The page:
No person shall be denied admission to any public school in the School District of Elmbrook or be denied participation in, be denied the benefits of or be discriminated against in any curricular, co-curricular, pupil services, recreational or other program or activity because of the person's sex, race, religion, color, national origin, ancestry, creed, pregnancy, marital or parental status, sexual orientation, or physical, mental, emotional, learning disability, or handicap. The complaint process can be found in the practice statement attached to policy 6005-Equality of Educational Opportunity-Pupil Nondiscrimination/Anti-
Suicide Prevention Resources Annual Notice
To address mental health conditions like depression and anxiety, schools must foster emotional safety for students and teachers alike. The cumulative goal of education is to offer students opportunities to develop interrelated academic, personal, and social competencies that have a long-term impact on their lives. We want students to be academically prepared as well as emotionally prepared when they graduate from high school. This Annual Notice is to provide information on suicide prevention resources, identifying the warning signs, and what you can do if you are concerned about a student.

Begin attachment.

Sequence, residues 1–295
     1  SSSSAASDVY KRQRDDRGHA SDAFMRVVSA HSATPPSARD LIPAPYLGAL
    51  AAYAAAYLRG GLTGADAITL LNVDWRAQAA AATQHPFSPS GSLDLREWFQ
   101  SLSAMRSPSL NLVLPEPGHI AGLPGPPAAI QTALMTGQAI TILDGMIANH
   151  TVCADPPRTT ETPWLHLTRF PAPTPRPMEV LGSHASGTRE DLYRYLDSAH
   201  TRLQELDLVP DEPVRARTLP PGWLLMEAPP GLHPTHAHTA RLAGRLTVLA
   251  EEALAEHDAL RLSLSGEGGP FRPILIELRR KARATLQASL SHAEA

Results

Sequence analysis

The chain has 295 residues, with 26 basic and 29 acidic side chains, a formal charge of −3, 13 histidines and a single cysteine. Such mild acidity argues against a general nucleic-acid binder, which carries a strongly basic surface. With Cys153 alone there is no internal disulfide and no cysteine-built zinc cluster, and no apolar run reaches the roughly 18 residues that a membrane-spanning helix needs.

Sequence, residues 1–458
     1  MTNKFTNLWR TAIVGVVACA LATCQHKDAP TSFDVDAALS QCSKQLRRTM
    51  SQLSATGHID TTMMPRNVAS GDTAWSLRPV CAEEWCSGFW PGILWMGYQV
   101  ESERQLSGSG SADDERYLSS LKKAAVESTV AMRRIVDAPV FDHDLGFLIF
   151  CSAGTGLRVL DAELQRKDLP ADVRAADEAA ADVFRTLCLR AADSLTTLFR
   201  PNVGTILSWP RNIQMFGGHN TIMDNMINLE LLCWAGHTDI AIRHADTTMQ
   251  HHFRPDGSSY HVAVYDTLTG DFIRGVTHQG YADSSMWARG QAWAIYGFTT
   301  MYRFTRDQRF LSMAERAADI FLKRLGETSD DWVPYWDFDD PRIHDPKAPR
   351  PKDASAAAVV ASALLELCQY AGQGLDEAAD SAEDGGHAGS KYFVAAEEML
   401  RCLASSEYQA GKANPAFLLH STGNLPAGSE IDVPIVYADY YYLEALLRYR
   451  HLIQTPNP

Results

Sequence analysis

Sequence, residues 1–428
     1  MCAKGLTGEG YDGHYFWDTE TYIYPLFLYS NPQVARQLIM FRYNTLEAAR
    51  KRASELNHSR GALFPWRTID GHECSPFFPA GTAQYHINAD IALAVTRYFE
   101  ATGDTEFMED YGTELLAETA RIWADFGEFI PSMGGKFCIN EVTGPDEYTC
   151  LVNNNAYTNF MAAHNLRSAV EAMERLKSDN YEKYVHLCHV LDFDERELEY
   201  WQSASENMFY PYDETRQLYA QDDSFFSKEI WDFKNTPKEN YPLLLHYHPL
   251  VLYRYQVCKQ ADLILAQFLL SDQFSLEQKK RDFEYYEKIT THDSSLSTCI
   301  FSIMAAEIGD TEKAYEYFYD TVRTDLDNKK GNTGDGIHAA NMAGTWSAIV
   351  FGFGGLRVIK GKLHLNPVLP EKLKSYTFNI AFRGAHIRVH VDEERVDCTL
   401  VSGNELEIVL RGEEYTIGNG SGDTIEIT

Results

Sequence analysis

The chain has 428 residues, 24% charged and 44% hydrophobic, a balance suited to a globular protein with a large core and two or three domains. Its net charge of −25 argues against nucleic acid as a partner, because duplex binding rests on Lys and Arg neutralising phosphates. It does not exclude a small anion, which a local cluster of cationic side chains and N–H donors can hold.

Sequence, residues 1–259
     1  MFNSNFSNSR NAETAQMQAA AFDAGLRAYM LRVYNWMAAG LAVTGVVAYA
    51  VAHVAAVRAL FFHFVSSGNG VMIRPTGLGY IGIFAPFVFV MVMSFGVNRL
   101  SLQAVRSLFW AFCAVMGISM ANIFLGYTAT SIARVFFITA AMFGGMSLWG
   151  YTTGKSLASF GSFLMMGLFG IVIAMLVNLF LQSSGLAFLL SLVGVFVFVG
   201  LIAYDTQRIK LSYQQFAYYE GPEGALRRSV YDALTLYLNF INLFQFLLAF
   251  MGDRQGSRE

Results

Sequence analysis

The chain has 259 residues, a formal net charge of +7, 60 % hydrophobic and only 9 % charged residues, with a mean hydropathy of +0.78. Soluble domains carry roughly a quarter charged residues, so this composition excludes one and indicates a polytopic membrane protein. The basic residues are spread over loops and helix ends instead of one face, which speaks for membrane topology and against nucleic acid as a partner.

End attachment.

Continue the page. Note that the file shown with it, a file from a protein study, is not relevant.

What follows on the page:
DPI Suicide Prevention website
News about any upcoming QPR suicide prevention trainings can be found in District announcements along with information from DPI.
Title I Programs
Parents may request the following information about their child’s teachers or paraprofessionals in their children’s classroom:
- The grade level and subject the teacher is certified to teach
- the type of license the teacher holds (i.e., emergency, provisional, or regular license)
- the undergraduate and/or graduate degree of the teacher
Parents of students at a school receiving Title I funds will also receive:
- a notification if their child has been taught for 4 or more consecutive weeks by a teacher who does not meet the requirements of being “highly qualified.”